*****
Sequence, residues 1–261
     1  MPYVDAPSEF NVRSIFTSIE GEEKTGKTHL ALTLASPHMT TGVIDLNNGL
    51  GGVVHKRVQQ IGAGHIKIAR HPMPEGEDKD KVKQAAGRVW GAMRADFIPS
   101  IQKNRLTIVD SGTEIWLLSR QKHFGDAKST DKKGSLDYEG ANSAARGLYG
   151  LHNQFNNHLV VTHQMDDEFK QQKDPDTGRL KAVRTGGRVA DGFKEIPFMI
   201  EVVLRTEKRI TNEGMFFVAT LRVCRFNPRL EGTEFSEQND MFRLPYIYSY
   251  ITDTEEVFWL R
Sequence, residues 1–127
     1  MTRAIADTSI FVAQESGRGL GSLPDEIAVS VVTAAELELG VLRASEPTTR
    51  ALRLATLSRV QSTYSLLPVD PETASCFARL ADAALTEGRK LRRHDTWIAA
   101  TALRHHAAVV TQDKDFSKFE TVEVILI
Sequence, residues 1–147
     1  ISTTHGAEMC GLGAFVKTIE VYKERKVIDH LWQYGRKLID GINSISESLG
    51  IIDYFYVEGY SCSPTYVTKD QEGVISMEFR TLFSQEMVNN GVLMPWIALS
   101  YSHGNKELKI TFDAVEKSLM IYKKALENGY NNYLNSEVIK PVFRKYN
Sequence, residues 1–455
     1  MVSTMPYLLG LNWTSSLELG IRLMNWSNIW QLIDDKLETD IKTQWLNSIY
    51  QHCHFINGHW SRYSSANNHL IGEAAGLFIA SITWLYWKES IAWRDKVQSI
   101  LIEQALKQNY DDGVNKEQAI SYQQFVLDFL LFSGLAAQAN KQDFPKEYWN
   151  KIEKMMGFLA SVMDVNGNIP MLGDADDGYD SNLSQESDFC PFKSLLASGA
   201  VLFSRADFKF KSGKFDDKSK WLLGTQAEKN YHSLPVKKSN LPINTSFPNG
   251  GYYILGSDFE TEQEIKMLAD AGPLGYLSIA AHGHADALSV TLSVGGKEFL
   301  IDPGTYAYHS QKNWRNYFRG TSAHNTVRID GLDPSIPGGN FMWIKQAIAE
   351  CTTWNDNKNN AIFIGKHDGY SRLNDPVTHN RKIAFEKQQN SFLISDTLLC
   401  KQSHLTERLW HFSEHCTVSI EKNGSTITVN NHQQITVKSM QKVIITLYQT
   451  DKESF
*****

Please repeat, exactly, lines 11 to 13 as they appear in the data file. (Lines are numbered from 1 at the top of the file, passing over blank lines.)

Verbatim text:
   101  TALRHHAAVV TQDKDFSKFE TVEVILI
Sequence, residues 1–147
     1  ISTTHGAEMC GLGAFVKTIE VYKERKVIDH LWQYGRKLID GINSISESLG